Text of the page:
Colour can be useful in marketing a product. The United States Patent and Trademark Office (USPTO) and the European Union Intellectual Property Office (EUIPO) provide protection for colour in a design. For over 20 years, the Canadian Intellectual Property Office (CIPO), however, took the position that colour could not be a registrable feature of a design. This long-standing position changed when the Office released a new practice notice on January 16, 2017.

In its notice, the Office takes the position that colour may form part of a combination of features that constitute a design. Colour by itself is not considered to fall within the definition of a design.

To register a design that includes colour as a feature, the Office requires that the description state that colour forms part of the design. Drawings (or photographs) must be filed in colour and in paper form. The Office may display a black-and-white version on its database, and annex a black-and-white version to the certificate of registration. 

This change benefits IP owners by allowing them to protect colour in a product. For instance, registering colour in addition to shape may help in an overall assessment of infringement where similarities in colour outweigh differences in shape.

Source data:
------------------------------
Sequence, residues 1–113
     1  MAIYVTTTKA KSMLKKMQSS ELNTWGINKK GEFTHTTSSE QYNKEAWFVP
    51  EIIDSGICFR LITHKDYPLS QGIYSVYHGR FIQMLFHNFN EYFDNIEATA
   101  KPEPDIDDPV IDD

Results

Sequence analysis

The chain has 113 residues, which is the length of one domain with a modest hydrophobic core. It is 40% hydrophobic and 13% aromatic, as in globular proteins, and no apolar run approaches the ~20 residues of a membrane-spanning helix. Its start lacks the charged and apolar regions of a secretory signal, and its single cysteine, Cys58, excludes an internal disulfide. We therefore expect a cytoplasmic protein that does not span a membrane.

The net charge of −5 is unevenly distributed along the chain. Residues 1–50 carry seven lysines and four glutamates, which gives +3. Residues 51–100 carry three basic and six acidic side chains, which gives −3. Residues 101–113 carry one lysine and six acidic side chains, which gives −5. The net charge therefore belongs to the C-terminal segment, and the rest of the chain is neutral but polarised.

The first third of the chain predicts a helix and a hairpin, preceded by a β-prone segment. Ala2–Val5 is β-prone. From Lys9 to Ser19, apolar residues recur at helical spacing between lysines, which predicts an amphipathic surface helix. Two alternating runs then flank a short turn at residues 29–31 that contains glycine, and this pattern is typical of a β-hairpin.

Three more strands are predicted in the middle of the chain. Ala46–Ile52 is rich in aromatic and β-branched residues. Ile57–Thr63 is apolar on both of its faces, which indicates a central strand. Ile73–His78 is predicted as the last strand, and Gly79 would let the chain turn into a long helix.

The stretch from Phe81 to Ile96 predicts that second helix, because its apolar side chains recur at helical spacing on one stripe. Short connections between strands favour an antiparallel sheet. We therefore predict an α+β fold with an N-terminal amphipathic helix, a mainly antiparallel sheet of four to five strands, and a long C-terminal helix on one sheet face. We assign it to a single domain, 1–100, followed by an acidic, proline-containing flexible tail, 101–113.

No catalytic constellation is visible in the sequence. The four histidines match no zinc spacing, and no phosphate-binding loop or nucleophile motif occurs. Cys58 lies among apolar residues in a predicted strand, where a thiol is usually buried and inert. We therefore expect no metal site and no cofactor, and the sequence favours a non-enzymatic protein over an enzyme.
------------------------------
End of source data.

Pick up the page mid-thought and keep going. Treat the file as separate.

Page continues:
The change in position also brings Canada into closer alignment with major trading partners in terms of IP owners protecting their IP globally, including the United States, Europe, and the United Kingdom, and with the Hague system once implemented. In the United States, colour designs are published in black and white, but their application contains a reference that they are available in colour from the USPTO upon request. The European Community Design Regulation explicitly includes colour as a registrable feature. The definition of design in the United Kingdom’s Registered Designs Act 1949 has since been amended to explicitly include colour as a registrable feature. The Hague system permits registration of colour as a feature of a design.

Designs are a useful tool in protecting look and feel of a product. Care should be exercised in determining which aspects of a design are important to protect. For example, it may be desirable to protect shape alone, shape and surface decoration, shape and tonal contrast, or shape and colour. Line drawings in black and white, or in colour, may be used. Shading may help understand the shape of a product, provided it is not misunderstood as tonal contrast. Broken lines, disclaimers, and variations of the design can be used to broaden or more clearly define the scope of protection. A design for the entire product can be registered, and separately a design for a portion or part of the product. With an effective filing strategy, layers of design protection can be obtained.